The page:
Other SOTA sites: SOTAwatch | SOTA Home | Database | Summits | Video | Photos | Shop | Mapping | FAQs | Facebook | Contact SOTA

That first notch in the SOTA bed head. At last

Around the time I started to look for a club where I could study for my foundation ticket in late 2012 I was loaned the July 2011 RadCom and on page 50 there was an article about something called Summits On The Air. My attention was grabbed. As a few months turned into a couple of years and I started to gather a small collection of licences that SOTA thing kept nagging at me, questions were asked of folk and plans were discussed many times but never came of anything.

At the end of 2014 I passed the advanced exam and three weeks later stepped off a pavement onto black ice and destroyed the cartilage in my right knee. After that SOTA stood for stairs on tha’ a**e for a good many months until I got the required op that was supposed to fix everything, it didn’t.

However, it’s hard to keep a good idiot down and by the time July 2015 came round I’d put together everything I figured I’d need and as we were heading for the Isle of Man and the most southerly SOTA summit (Mull Hill) is just 2 miles from my in-laws front gate it had to be done. (Bradda is less than a mile away as it happens but Lou (2E0LCZ) refused to give me a piggyback up there).

One of the many things I hadn’t factored into the whole experience was the wind coming off the Irish Sea and adding to the fun I hadn’t actually tried setting up my gear prior to this first activation attempt. I also learned the value of self-spotting as I called into the ether in vain; the only consolation was making my first summit to summit contact as I spun the dial up and down before finally packing up.

The second attempted activation didn’t go any better due to an unplanned trip back to the little island because of a family illness. I didn’t get home until the evening of the 27th about 36 hours before I’d planned to go up to G/TW-005 so as a result of pitifully poor preparation we got painfully poor performance. The weather wasn’t good on the 29th October last year as a number of folk will remember so once again I failed to get that first point but again came away with a summit to summit contact. Sodden but not disheartened.

Today it all fell into place, the weather was kind, I knew how the kit worked and I had a cell phone signal and SOTAWatch2 bookmarked on the phone. Seven cracking contacts on 40 metres (one of them being another summit to summit contact) and I walked away with that first gloriously magnificent point, finally. Then to round the whole experience off I met Gerald M0WML who had come over to activate the hill as he was in the vicinity.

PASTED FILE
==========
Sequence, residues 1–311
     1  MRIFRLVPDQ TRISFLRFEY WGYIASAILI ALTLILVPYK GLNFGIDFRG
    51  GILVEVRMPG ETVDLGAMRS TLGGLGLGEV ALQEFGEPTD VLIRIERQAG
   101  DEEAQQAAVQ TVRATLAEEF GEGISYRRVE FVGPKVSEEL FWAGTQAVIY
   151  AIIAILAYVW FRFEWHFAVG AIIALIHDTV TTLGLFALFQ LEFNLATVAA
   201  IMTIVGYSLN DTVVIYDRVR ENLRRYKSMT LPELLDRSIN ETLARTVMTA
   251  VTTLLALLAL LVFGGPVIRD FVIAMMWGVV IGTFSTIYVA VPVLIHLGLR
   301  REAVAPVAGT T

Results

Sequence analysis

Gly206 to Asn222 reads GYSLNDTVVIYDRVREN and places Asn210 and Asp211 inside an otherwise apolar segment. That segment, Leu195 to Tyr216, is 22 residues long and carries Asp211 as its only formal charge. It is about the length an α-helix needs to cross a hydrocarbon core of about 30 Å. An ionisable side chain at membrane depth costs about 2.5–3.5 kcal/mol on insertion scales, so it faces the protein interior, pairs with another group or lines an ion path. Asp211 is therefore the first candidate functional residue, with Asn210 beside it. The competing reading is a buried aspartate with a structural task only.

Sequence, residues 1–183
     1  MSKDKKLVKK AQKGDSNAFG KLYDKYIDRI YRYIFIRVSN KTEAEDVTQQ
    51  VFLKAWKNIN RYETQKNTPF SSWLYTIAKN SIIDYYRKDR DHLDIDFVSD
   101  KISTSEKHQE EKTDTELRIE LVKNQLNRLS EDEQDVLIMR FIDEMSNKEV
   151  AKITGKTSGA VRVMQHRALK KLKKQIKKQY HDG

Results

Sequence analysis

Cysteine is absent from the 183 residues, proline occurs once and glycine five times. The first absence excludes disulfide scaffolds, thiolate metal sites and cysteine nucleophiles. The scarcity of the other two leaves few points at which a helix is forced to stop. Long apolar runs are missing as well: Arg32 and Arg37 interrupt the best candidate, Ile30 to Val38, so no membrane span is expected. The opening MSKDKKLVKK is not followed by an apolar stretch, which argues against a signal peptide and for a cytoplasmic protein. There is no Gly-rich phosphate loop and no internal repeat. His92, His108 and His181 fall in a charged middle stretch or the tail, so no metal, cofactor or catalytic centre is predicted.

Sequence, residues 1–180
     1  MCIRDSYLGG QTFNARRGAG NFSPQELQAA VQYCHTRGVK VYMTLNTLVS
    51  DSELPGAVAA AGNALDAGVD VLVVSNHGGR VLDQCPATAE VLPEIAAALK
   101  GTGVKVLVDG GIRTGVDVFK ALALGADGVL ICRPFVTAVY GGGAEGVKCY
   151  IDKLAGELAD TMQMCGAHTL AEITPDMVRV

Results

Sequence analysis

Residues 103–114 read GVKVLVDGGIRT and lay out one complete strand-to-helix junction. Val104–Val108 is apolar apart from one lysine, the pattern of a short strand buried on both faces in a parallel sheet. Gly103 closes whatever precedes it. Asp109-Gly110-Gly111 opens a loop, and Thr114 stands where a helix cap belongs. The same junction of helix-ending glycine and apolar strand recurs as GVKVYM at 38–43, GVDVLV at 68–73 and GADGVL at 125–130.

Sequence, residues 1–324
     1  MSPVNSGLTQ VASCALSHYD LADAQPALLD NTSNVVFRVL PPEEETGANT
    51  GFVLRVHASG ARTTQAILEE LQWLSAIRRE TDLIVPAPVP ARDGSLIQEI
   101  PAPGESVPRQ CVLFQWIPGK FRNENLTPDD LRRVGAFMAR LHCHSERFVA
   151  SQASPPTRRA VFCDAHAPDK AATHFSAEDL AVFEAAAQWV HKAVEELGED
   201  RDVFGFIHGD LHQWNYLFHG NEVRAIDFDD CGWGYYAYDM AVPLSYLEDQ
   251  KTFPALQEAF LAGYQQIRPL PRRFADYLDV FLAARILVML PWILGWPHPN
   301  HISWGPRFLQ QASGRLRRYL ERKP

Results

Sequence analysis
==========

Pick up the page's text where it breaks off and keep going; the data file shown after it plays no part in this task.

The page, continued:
Now it’s time to reassess and have another look at the gear and how it’s carried as I’d like to do more, otherwise it’ll be late 2117 before I get that first 100 points.

Now does anyone know anything about knees?

5 Likes

Hi Simon

I don’t know nothing about knees but i really like your description of perseverance and addictivation
Keep on!

Hope your knee would be ok soon.

Vy 73 de Pedro, CT1DBS/CU3HF

Well done on hanging in there Simon! There are a few easier summits around, not sure where you are located but G/TW-004 comes to mind. It’s interesting that on the first two attempts you activated the summits with S2S contacts but didn’t get the required 4 contacts to get the points. (If you had realised) you could have asked the other summit station to spot you say 10 KHz up from where you made the contact with him/her.

Again well done and welcome to the activator squad.

Ed.

Well done Simon. As a fellow knee sufferer after a life-time of abuse in sport and at work I hope you manage to get it fixed. I tried a walking pole last time which does give some help (particularly on big steps down).

Brilliant Pedro, what a wonderful word! Sums it up perfectly :smiley: :smiley: :smiley:

73 de Paul G4MD

1 Like

What a interesting story and thanks for sharing.

And well done on collecting your first points towards your goat.

Good to make contact on that day and also hear you work your first S2S as well.
But that did tickle me when another activator popped up on same Sota and when i spoke to him , he mentioned he had passed you and conditions had changed for better. But still worked him as yet don;t gain any points for second activator on same hill, on same day but end of day give 2nd op the support to make the journey worth while.